Conceived, produced and directed by the eclectic Julie Taymor, this film is a romantic musical that incorporates parts of 34 songs composed by John Lennon and Paul McCartney, George Harrison, and the three of them plus Ringo Starr (“Flying”). Most of the songs are sung on-screen by the characters, though there are some instrumentals. This places the film in the category of old-style musicals where people seem to burst into song as a part of the story. To everyone’s credit, it actually seems to work very well indeed.
The story concerns Jude (Jim Sturgess), a young dockworker in Liverpool who goes to the United States to look for his American father (who had a fling with his mom during World War II. The very first few frames of film show Jude sitting on a beach singing Lennon and McCartney’s “Girl,” an auspicious beginning because it also tells us that we are not going to be sitting through “copies” of Beatles’ songs. Throughout the entire movie, pretty much every song has been reinterpreted and rearranged which gives them all a brand new and exciting feel.
The movie is definitely concerned with the radical changes brought about during the turbulent 1960’s. Jude provides an outside perspective, while his girlfriend, Lucy (Evan Rachel Wood) and her brother, Max (Joe Anderson) provide the viewpoint of America’s youth. Max drops out of college and gets drafted. While waiting for his induction, the three of them go to New York where they become embroiled in the hippie scene. The other major characters are Sadie (Dana Fuchs), Jojo (Martin Luther McCoy), and Prudence (T. V. Carpio). Where Sadie reminds one of Janis Joplin, Jojo reminds us of Jimi Hendrix.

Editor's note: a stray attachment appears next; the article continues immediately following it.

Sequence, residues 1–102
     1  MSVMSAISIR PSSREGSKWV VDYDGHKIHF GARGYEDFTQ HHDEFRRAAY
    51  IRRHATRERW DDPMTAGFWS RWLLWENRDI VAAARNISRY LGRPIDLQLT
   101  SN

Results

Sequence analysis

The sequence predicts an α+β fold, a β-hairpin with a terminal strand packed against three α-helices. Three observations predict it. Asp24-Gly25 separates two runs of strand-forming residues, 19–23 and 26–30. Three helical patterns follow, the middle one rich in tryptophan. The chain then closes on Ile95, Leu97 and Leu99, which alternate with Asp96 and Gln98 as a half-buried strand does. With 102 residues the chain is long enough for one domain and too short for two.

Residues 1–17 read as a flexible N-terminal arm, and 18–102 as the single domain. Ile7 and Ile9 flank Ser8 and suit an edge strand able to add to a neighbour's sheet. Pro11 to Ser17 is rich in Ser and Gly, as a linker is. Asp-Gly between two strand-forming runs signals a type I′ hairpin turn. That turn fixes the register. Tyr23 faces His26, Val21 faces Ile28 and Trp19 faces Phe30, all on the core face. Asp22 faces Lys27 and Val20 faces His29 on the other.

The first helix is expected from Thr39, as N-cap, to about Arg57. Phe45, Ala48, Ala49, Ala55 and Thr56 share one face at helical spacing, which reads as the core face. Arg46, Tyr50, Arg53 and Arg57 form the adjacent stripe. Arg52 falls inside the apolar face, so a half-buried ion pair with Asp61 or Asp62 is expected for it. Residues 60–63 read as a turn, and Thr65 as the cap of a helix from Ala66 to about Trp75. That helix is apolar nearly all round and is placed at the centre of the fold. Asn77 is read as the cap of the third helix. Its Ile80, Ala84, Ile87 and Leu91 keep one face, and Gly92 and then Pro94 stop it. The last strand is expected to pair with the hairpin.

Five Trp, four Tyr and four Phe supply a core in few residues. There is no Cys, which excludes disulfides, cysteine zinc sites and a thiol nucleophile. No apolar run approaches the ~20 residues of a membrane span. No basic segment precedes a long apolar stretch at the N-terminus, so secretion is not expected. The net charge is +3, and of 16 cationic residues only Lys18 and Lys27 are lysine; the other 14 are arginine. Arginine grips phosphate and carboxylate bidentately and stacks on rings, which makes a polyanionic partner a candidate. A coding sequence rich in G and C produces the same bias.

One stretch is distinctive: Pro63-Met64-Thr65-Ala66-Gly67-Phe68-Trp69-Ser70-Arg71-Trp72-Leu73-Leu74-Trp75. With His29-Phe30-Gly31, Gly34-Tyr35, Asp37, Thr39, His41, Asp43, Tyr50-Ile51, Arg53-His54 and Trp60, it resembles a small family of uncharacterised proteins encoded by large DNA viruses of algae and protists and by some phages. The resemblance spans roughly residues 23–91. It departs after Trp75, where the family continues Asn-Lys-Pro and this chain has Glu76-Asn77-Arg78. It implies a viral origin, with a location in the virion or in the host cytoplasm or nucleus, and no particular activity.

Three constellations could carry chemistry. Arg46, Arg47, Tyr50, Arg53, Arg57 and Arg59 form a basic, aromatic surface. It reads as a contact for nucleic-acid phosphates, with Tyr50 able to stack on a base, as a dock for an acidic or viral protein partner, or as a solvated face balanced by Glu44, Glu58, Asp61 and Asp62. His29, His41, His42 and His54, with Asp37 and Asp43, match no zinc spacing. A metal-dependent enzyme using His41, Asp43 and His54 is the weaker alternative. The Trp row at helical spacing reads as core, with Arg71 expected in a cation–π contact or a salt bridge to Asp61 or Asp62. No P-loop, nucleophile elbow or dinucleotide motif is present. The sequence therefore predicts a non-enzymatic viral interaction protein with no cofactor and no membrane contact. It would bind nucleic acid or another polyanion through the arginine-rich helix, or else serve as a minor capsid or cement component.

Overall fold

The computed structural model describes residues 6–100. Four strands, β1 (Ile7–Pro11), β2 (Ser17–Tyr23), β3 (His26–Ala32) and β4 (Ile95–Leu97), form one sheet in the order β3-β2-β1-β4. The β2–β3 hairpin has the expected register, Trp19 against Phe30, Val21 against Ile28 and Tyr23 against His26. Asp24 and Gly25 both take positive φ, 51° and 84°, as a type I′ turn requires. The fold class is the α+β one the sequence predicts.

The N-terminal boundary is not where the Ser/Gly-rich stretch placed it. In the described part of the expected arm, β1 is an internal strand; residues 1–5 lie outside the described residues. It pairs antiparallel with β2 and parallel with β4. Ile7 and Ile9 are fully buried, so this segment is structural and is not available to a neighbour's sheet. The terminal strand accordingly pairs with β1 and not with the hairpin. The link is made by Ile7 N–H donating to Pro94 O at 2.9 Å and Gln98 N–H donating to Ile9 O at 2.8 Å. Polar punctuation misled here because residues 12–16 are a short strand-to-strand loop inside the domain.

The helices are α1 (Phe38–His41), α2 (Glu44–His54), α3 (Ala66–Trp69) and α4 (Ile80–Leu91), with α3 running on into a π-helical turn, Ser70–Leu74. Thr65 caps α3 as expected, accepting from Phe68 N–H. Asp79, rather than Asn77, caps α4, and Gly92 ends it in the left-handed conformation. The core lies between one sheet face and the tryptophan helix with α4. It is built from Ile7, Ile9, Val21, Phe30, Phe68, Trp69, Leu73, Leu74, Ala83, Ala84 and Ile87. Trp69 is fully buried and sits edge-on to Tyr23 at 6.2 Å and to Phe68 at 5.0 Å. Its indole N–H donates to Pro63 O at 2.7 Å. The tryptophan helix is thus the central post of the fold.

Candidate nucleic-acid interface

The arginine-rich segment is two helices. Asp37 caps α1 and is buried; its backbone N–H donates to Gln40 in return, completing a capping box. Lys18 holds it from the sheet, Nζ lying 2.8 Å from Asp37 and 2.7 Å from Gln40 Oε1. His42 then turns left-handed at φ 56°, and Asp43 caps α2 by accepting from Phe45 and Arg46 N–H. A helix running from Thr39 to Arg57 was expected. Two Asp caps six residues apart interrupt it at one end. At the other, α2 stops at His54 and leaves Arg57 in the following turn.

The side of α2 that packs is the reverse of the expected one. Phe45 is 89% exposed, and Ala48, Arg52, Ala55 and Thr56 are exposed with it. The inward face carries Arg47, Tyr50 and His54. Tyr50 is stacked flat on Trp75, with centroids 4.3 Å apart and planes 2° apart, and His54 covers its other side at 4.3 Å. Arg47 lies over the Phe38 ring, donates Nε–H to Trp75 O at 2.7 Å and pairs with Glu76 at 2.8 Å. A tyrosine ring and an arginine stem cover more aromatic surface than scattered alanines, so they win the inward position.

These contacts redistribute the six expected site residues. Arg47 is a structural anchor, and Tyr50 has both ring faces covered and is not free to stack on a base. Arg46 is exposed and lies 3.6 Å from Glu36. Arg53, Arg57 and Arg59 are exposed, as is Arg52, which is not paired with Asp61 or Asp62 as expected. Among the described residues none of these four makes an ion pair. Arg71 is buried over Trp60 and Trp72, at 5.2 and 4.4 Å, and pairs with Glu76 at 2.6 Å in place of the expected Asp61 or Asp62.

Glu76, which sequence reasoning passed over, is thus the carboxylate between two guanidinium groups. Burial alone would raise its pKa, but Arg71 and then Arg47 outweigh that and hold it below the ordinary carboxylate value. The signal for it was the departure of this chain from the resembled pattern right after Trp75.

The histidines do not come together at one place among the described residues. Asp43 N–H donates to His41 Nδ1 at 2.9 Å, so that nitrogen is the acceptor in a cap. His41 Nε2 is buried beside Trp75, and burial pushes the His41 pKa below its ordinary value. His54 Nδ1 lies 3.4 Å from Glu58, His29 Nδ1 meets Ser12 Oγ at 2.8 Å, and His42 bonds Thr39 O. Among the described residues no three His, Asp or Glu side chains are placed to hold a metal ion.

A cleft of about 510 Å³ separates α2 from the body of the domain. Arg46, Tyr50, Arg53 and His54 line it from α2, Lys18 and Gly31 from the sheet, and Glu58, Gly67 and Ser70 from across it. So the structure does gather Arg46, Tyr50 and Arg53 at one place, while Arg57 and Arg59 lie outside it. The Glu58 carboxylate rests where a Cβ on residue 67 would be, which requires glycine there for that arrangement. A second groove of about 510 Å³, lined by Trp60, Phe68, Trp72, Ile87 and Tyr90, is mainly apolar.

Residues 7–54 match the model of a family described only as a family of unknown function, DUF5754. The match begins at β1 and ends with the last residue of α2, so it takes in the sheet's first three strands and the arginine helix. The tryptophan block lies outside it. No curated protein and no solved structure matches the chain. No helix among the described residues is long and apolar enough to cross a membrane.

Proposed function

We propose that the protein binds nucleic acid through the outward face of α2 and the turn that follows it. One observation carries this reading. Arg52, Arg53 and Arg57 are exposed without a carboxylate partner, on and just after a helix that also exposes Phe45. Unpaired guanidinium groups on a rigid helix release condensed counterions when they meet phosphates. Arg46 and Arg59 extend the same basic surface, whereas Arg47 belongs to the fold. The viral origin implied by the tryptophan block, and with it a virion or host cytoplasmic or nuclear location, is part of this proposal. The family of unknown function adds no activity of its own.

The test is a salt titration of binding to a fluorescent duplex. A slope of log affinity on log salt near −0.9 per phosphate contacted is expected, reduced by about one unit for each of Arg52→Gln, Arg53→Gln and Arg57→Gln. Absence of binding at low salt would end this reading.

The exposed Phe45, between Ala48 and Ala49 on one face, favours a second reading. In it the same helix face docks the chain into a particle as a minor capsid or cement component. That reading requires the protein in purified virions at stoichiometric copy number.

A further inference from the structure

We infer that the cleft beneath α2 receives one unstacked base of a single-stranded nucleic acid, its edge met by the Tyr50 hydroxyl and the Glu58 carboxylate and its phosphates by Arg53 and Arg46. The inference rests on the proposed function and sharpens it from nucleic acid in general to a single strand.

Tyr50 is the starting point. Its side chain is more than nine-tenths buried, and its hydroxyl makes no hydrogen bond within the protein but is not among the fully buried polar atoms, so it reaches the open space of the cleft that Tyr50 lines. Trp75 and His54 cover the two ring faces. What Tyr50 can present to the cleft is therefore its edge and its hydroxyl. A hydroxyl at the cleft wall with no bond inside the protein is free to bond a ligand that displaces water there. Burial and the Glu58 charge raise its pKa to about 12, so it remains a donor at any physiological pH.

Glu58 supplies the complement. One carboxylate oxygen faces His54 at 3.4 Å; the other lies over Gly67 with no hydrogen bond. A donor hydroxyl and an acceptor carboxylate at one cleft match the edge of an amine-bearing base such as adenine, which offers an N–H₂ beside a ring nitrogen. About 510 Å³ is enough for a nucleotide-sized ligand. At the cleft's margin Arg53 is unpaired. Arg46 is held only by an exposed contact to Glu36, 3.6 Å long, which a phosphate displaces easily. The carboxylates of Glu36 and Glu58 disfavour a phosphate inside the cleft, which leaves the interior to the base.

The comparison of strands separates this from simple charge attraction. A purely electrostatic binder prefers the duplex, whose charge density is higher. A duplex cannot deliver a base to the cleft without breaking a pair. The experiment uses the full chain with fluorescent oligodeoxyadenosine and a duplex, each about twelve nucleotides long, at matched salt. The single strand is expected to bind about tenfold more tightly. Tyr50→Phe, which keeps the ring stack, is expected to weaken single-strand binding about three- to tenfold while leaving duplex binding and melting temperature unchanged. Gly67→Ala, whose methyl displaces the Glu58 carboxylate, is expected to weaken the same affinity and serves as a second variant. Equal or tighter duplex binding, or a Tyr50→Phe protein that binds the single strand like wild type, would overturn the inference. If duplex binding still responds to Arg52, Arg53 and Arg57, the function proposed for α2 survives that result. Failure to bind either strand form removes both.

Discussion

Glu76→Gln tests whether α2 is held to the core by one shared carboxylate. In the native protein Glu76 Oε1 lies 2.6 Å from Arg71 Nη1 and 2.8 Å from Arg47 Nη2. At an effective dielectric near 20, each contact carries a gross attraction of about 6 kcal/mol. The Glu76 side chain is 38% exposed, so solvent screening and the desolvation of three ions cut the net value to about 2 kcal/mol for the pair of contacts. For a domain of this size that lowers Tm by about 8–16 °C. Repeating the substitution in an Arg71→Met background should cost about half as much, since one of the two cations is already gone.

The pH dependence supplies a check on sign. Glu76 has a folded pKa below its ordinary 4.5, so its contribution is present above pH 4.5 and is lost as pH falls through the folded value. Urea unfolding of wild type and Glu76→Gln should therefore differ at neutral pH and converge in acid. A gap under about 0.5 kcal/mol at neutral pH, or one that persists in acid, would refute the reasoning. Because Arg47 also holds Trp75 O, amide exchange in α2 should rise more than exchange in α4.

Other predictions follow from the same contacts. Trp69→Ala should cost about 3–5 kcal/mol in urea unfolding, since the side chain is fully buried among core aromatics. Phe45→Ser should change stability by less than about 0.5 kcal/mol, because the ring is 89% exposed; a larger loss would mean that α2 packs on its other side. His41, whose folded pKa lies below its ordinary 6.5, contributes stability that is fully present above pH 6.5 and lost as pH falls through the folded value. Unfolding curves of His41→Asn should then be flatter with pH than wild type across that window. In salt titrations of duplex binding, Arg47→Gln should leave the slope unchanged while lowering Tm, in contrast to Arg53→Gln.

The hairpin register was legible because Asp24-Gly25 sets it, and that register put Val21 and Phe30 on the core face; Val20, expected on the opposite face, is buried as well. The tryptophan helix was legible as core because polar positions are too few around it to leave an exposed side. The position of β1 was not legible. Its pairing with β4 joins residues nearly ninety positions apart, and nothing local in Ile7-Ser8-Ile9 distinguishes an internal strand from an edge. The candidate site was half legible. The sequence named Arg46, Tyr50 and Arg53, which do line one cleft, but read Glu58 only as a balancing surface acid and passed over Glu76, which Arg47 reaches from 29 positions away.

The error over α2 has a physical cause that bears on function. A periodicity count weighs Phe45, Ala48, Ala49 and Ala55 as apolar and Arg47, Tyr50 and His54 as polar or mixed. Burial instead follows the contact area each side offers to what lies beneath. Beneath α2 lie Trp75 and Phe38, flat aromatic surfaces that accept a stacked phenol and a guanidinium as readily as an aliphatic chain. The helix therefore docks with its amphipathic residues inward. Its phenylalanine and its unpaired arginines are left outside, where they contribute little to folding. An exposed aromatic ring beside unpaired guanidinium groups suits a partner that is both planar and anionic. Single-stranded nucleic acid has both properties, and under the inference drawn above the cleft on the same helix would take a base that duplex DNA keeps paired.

An accomplished artist, Julie Taymor brings a sophisticated and stimulating range of graphic beauty to the film, not only in the psychedelic sequences, but in almost every scene. I’ll never forget the way she illustrates “Strawberry Fields Forever” by having Jude pin strawberries to canvas, literally bleeding against the white, while a television shows Max in Vietnam singing with Jude and even superimposed over his face. Another sequence that really carries a punch is Max’s physical in which grotesque sargents stamp out the recruits to “I Want You/She’s So Heavy” with giant troops carrying the Statue of Liberty above them as they stomp on palm trees in Southeast Asia. “Being for the Benefit of Mr. Kite” is full of great images, camera tricks, and bizarre imagery reminiscent of the Beatles own movie Magical Mystery Tour.
All of the young actors are superb, giving heartfelt performances and wonderful vocals. The film is also spiked with a special performance of Bono as Dr. Robert and Eddie Izzard as Mr. Kite, as well as great cameos by Salma Hayek and Joe Cocker.
It’s one of those films you excuse for running a little long because it’s all worth it. Great music reinterpreted, fine acting, an excellent script, great direction, and unbelievable graphic art. I will definitely see it again and again.